I’m sceptical of anyone who claims to genuinely enjoy the interview process. The satisfaction of a job-interview-gone-right is great, no doubt; but it’s hard to deny the awkward, stilted nature of one of the most inorganic rituals yet devised by man. I’m still waiting to hear an answer to the time-old question ‘what is your biggest weakness’ that isn’t wholly self-congratulating (or so brutally honest that the invitation to the second-round invitation never arrives).
But despite this, I wouldn’t dare trade our current set-up for what’s been proposed as an alternative. It would simplify the process, that’s certain. But it rests on one qualification, that trumps all else:
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Are you a man or a woman?
That, in a nutshell, is a mandatory quota system. The dubious policy reared its ugly head again this week when the Fawcett Society launched their 2018 Sex and Power Index, which calls for, among other things, “a time-limited use of quotas across public bodies and the boards of large corporate organisations enabled by law”.
Time-limited or not, mandated quotas are one of the most blunt, crass, and ineffective instruments available to tackle issues of gender imbalance. They rob women of any sense of achievement they might otherwise feel from being rewarded a pay rise or a promotion.
Some claim that quotas are a pathway to a genuine meritocracy, which give women the opportunity to break through the glass ceiling, where their talents can finally be observed. But this justification is fundamentally anti-meritocratic, and – while I’m sure unintended – extremely demeaning.
The assumption is that women need more support than men to get into top positions. If there were evidence to suggest that women faced overt discrimination in the workplace – as there was 60 years ago – this argument might hold up. But the data we have today, particularly around the gender pay gap, tell a very different story. Women in part-time work are out-earning men, while women aged 22-39 in full time work have a negligible gender pay gap.
The lack of women in senior roles is largely a result of time taken out of the workplace to raise children (more on this later). Even the Office for National Statistics, which calculates the official pay gap data in the UK, notes that its findings do not include like-for-like comparisons, and provide no evidence of breaches in equality legislation.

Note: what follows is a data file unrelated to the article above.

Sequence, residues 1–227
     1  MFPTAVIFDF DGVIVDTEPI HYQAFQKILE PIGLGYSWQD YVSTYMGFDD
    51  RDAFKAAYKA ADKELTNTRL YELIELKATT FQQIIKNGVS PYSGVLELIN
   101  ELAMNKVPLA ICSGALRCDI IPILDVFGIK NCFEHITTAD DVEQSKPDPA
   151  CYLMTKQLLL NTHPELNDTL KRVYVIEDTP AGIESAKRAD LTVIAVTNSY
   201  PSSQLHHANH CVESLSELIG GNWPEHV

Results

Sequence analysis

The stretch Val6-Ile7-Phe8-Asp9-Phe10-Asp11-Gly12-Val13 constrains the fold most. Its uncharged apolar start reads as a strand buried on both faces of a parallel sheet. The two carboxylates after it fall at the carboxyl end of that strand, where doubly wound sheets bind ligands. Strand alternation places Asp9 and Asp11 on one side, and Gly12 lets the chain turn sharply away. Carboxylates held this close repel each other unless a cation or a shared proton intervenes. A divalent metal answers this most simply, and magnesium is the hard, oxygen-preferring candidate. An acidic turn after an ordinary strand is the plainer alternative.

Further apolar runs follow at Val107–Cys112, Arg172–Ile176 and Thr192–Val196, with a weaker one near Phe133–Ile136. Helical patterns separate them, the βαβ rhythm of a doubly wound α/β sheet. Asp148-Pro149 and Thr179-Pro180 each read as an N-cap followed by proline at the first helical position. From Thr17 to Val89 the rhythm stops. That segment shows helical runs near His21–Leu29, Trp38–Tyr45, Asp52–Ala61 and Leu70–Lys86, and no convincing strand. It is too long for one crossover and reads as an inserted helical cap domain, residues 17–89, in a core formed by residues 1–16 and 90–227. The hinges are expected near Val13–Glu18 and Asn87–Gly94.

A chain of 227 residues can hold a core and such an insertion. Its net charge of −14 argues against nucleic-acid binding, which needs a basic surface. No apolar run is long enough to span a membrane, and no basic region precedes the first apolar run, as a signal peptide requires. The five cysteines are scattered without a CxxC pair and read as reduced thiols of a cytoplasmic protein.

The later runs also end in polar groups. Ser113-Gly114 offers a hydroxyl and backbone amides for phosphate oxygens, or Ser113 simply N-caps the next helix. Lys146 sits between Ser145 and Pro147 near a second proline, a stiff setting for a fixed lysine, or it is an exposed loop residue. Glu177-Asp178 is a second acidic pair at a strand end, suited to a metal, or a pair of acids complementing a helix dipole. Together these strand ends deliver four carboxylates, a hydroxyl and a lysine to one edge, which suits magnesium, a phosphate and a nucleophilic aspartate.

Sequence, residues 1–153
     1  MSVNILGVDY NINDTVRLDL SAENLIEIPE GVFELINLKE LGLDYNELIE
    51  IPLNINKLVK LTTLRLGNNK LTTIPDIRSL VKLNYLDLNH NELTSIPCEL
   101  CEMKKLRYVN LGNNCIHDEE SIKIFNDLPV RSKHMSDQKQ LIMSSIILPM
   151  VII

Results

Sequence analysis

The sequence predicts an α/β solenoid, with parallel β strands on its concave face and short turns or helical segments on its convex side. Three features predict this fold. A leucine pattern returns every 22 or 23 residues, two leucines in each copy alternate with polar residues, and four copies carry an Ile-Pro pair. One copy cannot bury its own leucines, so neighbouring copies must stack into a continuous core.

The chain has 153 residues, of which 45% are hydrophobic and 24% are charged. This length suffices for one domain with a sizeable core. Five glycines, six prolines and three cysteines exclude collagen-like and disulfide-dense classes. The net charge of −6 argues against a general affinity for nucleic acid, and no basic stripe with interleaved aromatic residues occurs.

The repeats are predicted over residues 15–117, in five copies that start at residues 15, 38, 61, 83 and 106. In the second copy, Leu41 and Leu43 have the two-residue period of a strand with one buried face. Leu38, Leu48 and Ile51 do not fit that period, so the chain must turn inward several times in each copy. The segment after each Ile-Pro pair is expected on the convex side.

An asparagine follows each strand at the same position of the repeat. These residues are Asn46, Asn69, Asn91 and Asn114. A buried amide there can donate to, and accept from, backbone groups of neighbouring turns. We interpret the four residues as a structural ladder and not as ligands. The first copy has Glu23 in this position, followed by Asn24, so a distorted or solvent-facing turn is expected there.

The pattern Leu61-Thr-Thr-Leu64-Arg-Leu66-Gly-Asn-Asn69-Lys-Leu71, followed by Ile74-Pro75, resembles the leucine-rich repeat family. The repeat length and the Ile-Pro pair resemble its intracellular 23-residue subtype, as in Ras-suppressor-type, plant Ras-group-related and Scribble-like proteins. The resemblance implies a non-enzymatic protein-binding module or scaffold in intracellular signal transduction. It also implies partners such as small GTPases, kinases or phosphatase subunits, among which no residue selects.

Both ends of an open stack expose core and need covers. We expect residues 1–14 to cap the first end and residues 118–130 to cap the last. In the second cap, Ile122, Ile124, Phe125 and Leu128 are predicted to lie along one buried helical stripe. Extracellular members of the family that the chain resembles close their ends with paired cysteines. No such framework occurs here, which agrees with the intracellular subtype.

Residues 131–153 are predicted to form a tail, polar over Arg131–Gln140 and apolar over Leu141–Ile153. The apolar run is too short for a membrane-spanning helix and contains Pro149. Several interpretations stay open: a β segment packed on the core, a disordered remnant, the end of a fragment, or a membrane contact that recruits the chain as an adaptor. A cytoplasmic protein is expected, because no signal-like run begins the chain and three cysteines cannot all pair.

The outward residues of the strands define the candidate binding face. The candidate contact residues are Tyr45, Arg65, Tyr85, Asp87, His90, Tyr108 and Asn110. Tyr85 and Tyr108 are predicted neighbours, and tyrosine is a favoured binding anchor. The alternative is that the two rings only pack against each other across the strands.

You can skirt around the issue all you like, but quota systems are intrinsically designed to prioritise gender first and qualifications second. The merits and achievements of Jane are only considered after the pool of applicants has been purged of enough Joes to satisfy whatever percentage of roles the law mandates women fill.
It’s not simply the demeaning nature of quotas that should concern us, but also the unintended consequences of their implementation.
Mandated quotas have the catastrophic effect of taking legitimacy and respect away from women in positions of power, while simultaneously giving credibility to rogue Men’s Rights groups, which often (and wrongly) complain that women have an easier time of it, both in the workplace and in society overall. Any tensions that currently exist between women and men at work will only be exacerbated by a quota policy, and sympathies are likely to end up with the wrong group.
And what about the evidence from abroad? Despite all the baggage that comes with quotas, have they proven successful in giving women a deserved step up?
Look at Norway: in 2003, legislation was brought in requiring all public limited companies to implement a 40 per cent quota for women on their boards, to be achieved within five years’ time. On the face of it, small groups of women benefited. Those already in high-paying, senior roles were given further promotions, but there was “no discernible beneficial effect on women at lower levels of the corporate hierarchy.” As often happens in the modern-day gender debate (think BBC pay furore), the salaries of elite women became the focus, while the status of the majority of the working female population went largely unchanged.
But there have been other problems with Norway’s quota legislation. Between 2008 and 2013, 195 public companies became private and nearly 1,000 board member seats were culled altogether (denying opportunities for men and women to progress).
And for the firms that tried to meet the target, the quick increase in female board reps (9% in 2003 to a mandated 40% by 2008), led companies to promote “many women who were less experienced than the directors they had before.”
In 2011, The Economist reported a study from the University of Michigan, which “found that firms that were forced to increase the share of women on their boards by more than ten percentage points saw one measure of corporate value…fall by 18%”.higher return on equity (and) fatter operating profits” than companies that don’t diversity their staff.
What the evidence from Norway does highlight is that quotas aren’t the best way to achieve such diversity. As Spectator editor and Telegraph columnist Fraser Nelson pointed out a few weeks ago, there is plenty that could be done tomorrow to help more women progress through the ranks at work, like making “more childcare tax-deductible and, in general, take a little less away from working mothers trying to make ends meet”. Campaigns around voluntary shared parental leave could also do the trick.
But quotas are the least sensible way to go. They undermine women; they undermine business; and they leave no one better off, except the campaigners, who can pat themselves on the back for a job poorly done.
As we continue to make bold strides – to shed labels, reject stereotypes, and create inclusive communities – we must also slay the notion that a policy promoting radically different treatment in the workplace for different genders could ever be dubbed “progressive”.
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